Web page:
Obama Redefines "War" Bypassing Constitutional Authority Of Congress

By replacing the idea of "declaring war" with the much nicer-sounding "protect the American people", Barack Obama seems to think he has personally amended the Constitution to read that Congress has the power to listen to the President explain to them his reasons when he decides to protect the American people. The fact the Constitution says none of this and that it explicitly states the power of declaring, i.e. authorizing, military action, rests solely with Congress, and not with the President, seems to be of no interest to Obama. On this count alone, that Obama is either afraid or contemptuous of seeking authorization from Congress for war, the American people should reject Obama's demand that the US continue its military action against Islamic State.
In an interview aired today on NBC's Meet the Press, US President Barack Obama took an extraordinary step of claiming he possessed sufficient authority on his own to take the United States to war—for years—without Congressional approval.

This dictatorial power, not expressed or implied in the Constitution, comes from Obama's redefinition of "war"—basically eliminating reference to that word and replacing it with the idea the President is using military power against Islamic State to "protect the American people".

At one point in the interview, Obama explained he would be going to Congress, for one thing to ask for "more resources" in a war that Secretary of State John Kerry recently said could last three years or longer.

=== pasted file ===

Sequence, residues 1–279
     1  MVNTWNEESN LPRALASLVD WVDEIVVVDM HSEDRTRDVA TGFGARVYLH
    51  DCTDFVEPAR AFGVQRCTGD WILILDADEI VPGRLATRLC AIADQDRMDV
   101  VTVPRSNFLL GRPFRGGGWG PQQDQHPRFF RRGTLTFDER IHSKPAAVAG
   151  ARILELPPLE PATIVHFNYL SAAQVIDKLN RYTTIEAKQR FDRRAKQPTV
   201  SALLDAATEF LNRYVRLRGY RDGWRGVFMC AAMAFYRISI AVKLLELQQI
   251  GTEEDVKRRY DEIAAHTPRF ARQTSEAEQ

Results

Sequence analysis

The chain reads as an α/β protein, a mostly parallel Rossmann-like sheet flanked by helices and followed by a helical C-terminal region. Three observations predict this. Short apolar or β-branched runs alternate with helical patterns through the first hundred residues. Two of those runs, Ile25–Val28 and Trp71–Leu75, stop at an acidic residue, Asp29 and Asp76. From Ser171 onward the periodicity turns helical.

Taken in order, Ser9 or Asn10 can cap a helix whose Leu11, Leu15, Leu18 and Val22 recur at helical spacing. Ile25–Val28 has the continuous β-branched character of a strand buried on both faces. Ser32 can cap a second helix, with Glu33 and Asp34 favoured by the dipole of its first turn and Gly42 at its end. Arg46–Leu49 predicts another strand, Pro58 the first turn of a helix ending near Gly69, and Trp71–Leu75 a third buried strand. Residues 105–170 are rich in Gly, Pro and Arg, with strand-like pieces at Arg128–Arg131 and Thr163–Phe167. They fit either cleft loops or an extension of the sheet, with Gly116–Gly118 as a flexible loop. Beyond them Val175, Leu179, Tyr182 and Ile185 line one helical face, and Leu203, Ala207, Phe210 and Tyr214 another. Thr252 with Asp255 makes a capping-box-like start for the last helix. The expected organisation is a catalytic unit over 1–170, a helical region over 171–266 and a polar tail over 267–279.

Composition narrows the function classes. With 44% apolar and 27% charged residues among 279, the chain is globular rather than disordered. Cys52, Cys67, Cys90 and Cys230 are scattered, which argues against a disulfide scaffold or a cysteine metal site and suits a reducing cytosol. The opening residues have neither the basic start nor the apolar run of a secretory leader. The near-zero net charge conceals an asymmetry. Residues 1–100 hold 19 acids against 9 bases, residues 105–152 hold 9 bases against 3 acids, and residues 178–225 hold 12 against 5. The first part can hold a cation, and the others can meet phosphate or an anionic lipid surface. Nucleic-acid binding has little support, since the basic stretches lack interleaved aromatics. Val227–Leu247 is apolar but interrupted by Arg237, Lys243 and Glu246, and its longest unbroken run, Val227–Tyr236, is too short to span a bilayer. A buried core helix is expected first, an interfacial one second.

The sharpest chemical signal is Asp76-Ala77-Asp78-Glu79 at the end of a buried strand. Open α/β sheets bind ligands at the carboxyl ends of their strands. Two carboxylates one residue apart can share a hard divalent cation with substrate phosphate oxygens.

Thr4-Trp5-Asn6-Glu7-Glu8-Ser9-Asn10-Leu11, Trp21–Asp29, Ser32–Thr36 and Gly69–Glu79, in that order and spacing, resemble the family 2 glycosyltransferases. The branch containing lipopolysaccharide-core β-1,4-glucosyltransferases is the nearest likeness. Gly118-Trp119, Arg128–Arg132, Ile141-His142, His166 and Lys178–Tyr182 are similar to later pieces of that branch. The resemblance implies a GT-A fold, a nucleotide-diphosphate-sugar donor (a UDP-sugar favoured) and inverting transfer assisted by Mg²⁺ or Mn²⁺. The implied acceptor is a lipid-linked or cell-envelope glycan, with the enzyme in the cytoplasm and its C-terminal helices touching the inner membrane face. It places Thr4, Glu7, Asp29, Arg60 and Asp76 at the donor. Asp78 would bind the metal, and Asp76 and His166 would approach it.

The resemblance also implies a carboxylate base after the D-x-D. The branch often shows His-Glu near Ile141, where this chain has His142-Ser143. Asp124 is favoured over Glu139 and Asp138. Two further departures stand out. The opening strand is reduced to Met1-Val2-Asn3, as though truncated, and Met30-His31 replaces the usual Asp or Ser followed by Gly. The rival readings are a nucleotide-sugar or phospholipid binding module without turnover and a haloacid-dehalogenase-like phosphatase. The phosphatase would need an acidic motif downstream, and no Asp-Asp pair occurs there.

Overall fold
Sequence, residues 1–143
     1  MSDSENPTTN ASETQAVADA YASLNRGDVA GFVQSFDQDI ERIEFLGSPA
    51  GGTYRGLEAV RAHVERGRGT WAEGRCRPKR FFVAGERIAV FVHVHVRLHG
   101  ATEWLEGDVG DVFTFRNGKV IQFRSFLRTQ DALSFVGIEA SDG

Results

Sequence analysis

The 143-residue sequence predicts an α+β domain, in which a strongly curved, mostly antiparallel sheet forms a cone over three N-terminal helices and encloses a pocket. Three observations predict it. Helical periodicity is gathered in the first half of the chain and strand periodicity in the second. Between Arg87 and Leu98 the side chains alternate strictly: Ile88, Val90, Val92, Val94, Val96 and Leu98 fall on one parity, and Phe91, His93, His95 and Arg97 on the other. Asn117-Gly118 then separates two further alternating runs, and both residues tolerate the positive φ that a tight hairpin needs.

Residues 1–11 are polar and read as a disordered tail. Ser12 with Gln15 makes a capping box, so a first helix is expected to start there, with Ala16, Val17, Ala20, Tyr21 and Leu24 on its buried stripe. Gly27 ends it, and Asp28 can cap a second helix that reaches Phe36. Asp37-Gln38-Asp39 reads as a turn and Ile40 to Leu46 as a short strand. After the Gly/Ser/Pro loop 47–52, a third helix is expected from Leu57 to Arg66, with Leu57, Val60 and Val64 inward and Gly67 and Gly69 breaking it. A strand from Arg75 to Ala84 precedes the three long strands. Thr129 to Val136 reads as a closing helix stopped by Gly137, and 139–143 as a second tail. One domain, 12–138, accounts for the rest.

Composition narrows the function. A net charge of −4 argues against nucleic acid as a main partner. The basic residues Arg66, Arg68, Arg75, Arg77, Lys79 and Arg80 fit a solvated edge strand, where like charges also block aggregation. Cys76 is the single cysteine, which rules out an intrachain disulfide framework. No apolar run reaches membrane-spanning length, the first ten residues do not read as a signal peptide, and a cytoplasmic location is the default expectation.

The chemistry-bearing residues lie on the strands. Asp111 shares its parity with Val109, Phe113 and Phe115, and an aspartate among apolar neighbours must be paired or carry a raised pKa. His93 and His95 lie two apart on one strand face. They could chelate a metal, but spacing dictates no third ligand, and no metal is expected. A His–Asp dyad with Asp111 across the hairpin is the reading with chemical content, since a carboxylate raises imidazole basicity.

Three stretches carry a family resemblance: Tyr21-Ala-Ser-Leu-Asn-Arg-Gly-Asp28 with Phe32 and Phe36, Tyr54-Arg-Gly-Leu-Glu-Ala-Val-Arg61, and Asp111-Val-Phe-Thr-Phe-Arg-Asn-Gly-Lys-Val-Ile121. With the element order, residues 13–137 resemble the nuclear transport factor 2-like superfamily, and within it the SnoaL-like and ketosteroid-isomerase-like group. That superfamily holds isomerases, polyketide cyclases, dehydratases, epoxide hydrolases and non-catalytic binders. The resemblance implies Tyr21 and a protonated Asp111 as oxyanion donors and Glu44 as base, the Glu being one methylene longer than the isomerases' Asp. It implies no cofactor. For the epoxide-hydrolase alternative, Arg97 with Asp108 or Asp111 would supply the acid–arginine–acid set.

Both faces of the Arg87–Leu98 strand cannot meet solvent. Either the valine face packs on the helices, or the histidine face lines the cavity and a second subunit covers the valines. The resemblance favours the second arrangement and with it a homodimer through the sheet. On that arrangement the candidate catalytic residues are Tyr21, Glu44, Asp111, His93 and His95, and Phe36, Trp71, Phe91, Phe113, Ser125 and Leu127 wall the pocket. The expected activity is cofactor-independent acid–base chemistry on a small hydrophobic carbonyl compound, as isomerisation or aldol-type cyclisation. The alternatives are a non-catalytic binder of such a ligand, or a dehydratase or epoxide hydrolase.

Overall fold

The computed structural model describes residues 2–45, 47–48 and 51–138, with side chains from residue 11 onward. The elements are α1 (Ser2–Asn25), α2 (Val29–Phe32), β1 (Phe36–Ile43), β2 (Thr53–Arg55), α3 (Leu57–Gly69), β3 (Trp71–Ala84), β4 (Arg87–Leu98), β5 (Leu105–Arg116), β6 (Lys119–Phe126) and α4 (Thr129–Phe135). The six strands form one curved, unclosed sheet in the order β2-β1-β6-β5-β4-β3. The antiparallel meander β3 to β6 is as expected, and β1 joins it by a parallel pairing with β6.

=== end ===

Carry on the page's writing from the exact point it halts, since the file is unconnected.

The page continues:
At that, Chuck Todd, the new moderator of MTP, asked Obama the following:
"This is asking Congress for a vote, an authorization of your strategy?"
It was instantly clear Obama was balking at that idea.

Todd continued:
"This is not a—what does that mean? Define that."
Obama then replied:
 "Well—I’m confident that I’ve got the authorization that I need to protect the American people, and I’m always going to do what’s necessary to protect the American people."
So, the answer to whether Obama will seek a Congressional vote authorizing the new, years-long war is plainly "no".

Obama then explained what he thought the role of Congress is when a President declares war (or that he is once again "protecting" the American people:
"But I do think it’s important for Congress to understand what the plan is, to have buy-in, to debate it, and that’s why we’ve been consulting with Congress throughout."
Todd looked more than a little concerned and dubious at this response. After all, even George W. Bush sought Congressional approval of the war against Iraq.

Many Americans are likely so distracted and so badly informed about abstruse things like Constitutional powers to declare war, that they figure there should not be any problem about a President just deciding to declare war—or anyway go to war—especially if he isn't going to call it war, but instead protecting the American people. And given Obama's claim that that he is always authorized to protect the American people, what is the Constitutional argument supporting that alleged power?